Vienna Linden Hills


A message was received offering an opportunity to
see a unique historic house on a wooded hill in
Linden Hills…

One-time Only Opportunity on Sunday:
The Robert T. Giles House

“On Sunday, April 25, from 3 to 5 p.m., there will be an open house at the Robert T. Giles house, 4106 Vincent Ave. So., in Minneapolis. At 4 p.m., architectural historian Richard Kronick will present a short slide talk in the house about the house and
its architects.

The Giles house is for sale. The open house, which is open to all, is being held in the hope of attracting a buyer sympathetic to the house’s historical importance.
The house was built in 1908 to the design of architects John Jager (1871–1959) and Carl B. Stravs (1882–1958). Both men studied architecture in Vienna where they became devotees of the Viennese version of early Modernism, called the Vienna
Secession. Jager reportedly studied with Otto Wagner, one of the Secession’s leaders. Both Jager and Stravs immigrated to Minneapolis in 1902. Robert T. Giles and his wife were artists; Mr. Giles owned an art glass business.

The Giles house has several unique features. It sits on a large wooded lot on a hill situated in the middle of a block. The house was designed to be completely fireproof. Walls are of reinforced concrete and floors and roof are of terracotta hollow tile.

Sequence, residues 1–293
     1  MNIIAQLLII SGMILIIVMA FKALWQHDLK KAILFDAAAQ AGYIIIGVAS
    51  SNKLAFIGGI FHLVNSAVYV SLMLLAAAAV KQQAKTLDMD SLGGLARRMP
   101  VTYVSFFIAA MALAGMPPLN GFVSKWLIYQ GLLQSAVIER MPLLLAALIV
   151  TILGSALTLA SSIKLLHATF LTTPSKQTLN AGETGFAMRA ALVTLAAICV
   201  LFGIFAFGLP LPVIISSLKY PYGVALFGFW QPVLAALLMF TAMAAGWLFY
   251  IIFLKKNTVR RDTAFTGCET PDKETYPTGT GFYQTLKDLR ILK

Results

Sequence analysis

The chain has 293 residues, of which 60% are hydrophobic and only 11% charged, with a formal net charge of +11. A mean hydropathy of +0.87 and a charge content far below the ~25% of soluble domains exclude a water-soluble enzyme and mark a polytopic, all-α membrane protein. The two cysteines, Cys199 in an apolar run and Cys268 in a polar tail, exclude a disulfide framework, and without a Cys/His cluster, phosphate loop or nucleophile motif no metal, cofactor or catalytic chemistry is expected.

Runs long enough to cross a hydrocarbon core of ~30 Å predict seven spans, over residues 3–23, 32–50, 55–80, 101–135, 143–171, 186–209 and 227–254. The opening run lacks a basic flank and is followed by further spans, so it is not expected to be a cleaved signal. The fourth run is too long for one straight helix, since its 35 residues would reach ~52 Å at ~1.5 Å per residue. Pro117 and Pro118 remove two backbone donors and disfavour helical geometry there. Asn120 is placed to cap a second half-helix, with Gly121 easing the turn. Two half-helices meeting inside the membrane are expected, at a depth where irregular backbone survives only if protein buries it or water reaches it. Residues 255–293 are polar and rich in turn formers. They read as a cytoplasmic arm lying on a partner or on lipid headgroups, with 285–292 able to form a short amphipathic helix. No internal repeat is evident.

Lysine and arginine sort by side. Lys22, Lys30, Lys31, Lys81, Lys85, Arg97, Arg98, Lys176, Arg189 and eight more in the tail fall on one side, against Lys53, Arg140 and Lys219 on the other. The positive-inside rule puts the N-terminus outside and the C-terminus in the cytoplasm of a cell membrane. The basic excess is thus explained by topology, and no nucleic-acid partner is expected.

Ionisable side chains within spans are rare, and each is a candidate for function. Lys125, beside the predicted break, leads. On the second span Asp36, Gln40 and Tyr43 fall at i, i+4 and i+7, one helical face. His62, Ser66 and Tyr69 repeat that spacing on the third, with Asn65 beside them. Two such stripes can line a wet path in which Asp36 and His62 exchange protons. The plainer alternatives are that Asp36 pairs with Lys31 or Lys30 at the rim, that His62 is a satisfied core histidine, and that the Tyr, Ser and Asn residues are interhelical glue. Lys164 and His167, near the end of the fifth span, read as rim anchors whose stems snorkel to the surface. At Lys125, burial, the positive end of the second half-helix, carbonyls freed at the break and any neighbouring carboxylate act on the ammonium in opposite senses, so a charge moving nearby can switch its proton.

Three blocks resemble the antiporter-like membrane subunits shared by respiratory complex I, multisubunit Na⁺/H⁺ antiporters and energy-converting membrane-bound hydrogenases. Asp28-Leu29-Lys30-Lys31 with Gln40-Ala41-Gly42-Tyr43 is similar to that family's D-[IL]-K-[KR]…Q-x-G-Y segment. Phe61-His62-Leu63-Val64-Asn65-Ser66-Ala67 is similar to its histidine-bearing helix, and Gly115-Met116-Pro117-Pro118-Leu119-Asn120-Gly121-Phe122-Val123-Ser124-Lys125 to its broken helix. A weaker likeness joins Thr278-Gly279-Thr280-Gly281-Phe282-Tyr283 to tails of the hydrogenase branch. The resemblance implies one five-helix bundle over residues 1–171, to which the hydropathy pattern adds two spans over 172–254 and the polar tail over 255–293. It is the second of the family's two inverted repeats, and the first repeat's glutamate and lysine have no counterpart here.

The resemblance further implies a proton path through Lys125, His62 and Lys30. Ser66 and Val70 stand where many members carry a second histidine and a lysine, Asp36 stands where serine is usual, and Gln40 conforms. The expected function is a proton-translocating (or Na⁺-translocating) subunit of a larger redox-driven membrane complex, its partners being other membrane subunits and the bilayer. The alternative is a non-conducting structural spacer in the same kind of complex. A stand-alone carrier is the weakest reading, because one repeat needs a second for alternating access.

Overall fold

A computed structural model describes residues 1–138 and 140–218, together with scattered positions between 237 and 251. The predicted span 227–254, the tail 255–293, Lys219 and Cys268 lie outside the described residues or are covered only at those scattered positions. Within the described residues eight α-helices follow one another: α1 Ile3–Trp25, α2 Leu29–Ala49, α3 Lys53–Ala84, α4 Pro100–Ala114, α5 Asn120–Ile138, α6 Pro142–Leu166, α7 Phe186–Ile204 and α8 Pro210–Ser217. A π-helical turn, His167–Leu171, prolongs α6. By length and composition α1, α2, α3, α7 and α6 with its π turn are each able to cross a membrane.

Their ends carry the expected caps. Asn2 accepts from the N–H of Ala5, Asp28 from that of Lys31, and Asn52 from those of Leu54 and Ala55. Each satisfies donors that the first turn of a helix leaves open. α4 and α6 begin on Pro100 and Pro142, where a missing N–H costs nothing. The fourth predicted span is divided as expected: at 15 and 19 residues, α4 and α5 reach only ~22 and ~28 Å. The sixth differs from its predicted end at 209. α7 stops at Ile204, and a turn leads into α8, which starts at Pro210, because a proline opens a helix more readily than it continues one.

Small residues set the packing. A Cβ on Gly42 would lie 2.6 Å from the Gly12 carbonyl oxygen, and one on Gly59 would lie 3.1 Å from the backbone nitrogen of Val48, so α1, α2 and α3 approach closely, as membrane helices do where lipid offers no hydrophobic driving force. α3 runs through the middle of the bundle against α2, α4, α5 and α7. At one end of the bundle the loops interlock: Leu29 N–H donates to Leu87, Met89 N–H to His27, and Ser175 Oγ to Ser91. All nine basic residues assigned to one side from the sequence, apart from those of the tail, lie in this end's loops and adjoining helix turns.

The exterior of the house’s lower level is faced with smooth boulders, probably taken
from architect Jager’s property on Minnehaha Creek a few blocks away. Exterior window sills are blue glazed brick. Inside, there is a spectacular art-glass fireplace.”

whoever wrote the above…bravo!

Although the house has not been well maintained…it has not been remuddled either…it’s just been holding its own slowly deteriorating but not past saving and waiting.

Reminded me of the Glueck/Bowman mansion although
the Giles house seems to be in better condition…

The floor plan seemed original…I did not see evidence
of walls removed or additions…tiny kitchen…

So in this case benign neglect semi protected a treasure.

Some furniture looked art nouveau or
arts and crafts which seemed
to have been left in the house by the Giles’.

Not much stained glass other than the bold
irridescent jeweled mosaic fireplace mantle.

Some of the tools in the basement were fascinating…they looked as old as the house…
tools for woodworking…

Anyone with further information or photos…I invite
you to share those here.

All the preservationists present had the look of
intensity of those inspired to take action to save
this great house.

Richard Kronick’s lecture 4/25/2010

Virtual Tour

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